“He knows where every stop is and makes his own combinations by running his hands over the rows of knobs rapidly.”

G. Huntington Byles, a British organist who became Director of Music at a church in Connecticut, noticed how Vierne’s blindness, caused by congenital cataracts, enabled him to distinguish bewteen light and dark – a fact he used to help him navigate the organ:

“The console at Notre-Dame was fixed with special lights. Of course, he always counted the stops from end to end…But he could see because of the bright lights, and could see these tiers of stops a little bit.”

Jean Langlais (1907-1991)

Vierne suffered crippling stage fright throughout his career (which seems unusual, considering that a well-known coping strategy is not to look at the audience, or to imagine them as something else). Some believe that be became addicted to tranquilizers and sleeping pills, which began to affect his heart.

He was a judge for Les Amis de l’Orgue’s Concours biannuel de haute exécution et improvisation in 1931, where a 24 year old Jean Langlais, who was also a pupil at the National Institute for the Young Blind, won first prize. After the competition, Vierne gave Langlais some final advice, which we now know to have been a portent of his last hours;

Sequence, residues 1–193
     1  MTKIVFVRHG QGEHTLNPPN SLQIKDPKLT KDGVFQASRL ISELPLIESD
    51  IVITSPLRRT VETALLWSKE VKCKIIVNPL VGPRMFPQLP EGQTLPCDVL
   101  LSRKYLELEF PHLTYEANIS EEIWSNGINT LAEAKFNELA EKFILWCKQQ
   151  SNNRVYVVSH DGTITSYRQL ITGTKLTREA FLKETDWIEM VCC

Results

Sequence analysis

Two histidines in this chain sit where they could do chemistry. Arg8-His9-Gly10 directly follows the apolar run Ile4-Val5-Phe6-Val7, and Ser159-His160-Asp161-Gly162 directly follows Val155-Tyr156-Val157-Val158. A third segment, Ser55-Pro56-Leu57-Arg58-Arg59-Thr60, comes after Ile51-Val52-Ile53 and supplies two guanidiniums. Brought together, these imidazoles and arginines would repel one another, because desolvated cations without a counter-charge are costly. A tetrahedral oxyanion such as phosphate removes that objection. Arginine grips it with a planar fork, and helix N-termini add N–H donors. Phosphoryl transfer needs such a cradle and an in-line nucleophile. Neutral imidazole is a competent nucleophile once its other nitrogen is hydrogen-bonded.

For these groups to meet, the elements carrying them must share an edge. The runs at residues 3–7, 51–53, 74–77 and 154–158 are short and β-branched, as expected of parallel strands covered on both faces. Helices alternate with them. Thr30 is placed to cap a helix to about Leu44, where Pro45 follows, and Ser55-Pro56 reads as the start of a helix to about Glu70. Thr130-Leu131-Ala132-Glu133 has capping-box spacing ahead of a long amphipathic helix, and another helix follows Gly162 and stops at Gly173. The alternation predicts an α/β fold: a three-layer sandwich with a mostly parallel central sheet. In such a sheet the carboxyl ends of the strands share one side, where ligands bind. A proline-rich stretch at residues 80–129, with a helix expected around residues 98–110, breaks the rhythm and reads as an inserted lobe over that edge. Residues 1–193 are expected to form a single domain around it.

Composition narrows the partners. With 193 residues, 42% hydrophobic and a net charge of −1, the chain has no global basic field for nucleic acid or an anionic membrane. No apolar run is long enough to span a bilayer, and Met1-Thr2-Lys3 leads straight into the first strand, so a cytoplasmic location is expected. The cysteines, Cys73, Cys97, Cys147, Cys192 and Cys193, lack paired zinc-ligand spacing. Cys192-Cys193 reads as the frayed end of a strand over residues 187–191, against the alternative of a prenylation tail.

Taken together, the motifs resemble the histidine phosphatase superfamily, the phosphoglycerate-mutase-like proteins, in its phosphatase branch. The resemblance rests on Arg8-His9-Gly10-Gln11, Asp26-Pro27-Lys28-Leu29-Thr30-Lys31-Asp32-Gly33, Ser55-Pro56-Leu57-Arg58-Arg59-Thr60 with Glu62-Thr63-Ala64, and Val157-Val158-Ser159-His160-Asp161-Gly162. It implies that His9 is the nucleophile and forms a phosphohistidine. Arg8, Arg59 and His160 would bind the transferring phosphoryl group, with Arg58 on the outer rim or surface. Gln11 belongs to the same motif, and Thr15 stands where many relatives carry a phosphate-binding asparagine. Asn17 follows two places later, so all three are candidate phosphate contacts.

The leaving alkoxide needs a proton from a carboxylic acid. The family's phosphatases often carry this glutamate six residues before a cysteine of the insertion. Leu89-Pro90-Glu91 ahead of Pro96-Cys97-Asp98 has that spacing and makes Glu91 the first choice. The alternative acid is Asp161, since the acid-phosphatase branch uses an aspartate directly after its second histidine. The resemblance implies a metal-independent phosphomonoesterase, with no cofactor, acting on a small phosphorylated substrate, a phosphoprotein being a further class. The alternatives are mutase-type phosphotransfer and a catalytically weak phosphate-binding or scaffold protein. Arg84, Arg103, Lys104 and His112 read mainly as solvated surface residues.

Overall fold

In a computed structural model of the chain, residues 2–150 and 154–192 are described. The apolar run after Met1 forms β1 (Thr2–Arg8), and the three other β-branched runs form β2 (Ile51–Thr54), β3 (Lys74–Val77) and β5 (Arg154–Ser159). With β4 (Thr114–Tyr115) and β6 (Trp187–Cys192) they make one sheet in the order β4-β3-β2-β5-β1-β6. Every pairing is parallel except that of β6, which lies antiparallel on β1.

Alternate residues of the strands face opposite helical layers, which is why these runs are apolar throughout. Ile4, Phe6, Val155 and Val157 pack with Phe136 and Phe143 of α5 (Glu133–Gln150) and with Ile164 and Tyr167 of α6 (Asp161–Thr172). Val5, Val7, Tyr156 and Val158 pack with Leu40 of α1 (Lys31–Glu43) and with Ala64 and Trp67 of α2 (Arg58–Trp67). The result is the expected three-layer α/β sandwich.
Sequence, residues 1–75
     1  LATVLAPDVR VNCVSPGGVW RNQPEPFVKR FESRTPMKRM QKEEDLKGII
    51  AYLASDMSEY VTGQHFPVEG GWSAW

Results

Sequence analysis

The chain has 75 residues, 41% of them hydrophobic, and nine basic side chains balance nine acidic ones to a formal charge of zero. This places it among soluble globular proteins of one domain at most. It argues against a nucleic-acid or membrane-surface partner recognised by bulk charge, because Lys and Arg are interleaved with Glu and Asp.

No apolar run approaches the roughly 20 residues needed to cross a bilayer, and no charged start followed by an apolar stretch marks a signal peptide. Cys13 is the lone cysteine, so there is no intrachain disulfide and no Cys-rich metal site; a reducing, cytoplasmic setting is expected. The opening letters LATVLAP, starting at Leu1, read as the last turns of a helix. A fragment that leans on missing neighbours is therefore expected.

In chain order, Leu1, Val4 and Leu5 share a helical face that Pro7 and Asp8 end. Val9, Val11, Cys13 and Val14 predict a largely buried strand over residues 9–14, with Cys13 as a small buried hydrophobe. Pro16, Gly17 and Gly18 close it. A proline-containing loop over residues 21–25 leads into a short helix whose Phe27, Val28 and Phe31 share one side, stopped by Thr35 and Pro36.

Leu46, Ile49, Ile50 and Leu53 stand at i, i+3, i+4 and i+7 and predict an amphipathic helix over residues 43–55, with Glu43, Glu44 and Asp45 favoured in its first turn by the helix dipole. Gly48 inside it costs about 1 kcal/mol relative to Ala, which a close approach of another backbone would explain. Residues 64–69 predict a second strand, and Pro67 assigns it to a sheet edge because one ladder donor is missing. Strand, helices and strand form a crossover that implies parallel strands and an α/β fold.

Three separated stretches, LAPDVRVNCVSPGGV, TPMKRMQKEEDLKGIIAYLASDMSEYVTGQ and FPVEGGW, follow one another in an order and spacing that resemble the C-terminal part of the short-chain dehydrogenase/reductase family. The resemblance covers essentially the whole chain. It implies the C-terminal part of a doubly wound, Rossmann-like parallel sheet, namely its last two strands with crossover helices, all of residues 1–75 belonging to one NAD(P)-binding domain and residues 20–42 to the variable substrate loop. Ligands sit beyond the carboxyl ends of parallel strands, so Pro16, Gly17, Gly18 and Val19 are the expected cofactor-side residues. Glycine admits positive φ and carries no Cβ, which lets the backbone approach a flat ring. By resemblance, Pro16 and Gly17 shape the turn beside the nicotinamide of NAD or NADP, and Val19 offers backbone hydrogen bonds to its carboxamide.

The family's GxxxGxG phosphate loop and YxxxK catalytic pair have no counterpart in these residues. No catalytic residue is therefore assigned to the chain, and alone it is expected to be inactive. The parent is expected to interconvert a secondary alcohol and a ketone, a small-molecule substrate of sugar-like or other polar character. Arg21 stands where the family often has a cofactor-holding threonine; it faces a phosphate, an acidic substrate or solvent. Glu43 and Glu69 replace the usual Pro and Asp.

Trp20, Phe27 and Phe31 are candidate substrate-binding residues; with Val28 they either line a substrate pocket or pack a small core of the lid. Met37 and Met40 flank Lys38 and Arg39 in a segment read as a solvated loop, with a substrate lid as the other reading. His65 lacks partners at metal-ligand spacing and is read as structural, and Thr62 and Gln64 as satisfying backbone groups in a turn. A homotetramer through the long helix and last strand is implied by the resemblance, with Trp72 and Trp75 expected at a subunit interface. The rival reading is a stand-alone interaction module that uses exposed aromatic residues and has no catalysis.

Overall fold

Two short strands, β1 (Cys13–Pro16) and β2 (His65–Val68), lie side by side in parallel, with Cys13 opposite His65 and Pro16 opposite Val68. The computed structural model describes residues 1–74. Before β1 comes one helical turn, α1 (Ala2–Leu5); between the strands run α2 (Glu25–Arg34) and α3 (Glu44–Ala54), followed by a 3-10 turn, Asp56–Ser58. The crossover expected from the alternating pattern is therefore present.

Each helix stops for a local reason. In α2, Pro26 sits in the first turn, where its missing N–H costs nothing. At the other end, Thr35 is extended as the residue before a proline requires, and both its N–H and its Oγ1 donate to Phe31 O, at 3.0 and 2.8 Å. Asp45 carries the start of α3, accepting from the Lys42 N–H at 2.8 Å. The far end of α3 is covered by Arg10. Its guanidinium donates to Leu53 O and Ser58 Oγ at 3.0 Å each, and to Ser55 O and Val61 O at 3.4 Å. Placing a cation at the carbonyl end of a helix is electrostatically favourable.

“Mon chéri, you will see that you can give up everything in life: health, happiness, money; but, believe me, there is one that you will never give up: music.”

Vierne died at the console of the Notre Dame organ on 2nd June 1937, despite the attempts of his pupil, Maurice Durufle to revive him;  a slip of his foot sounding a final low E, which people below assumed was the first note of the improvisation which was the next piece in the programme.

John Stanley (1712-1786)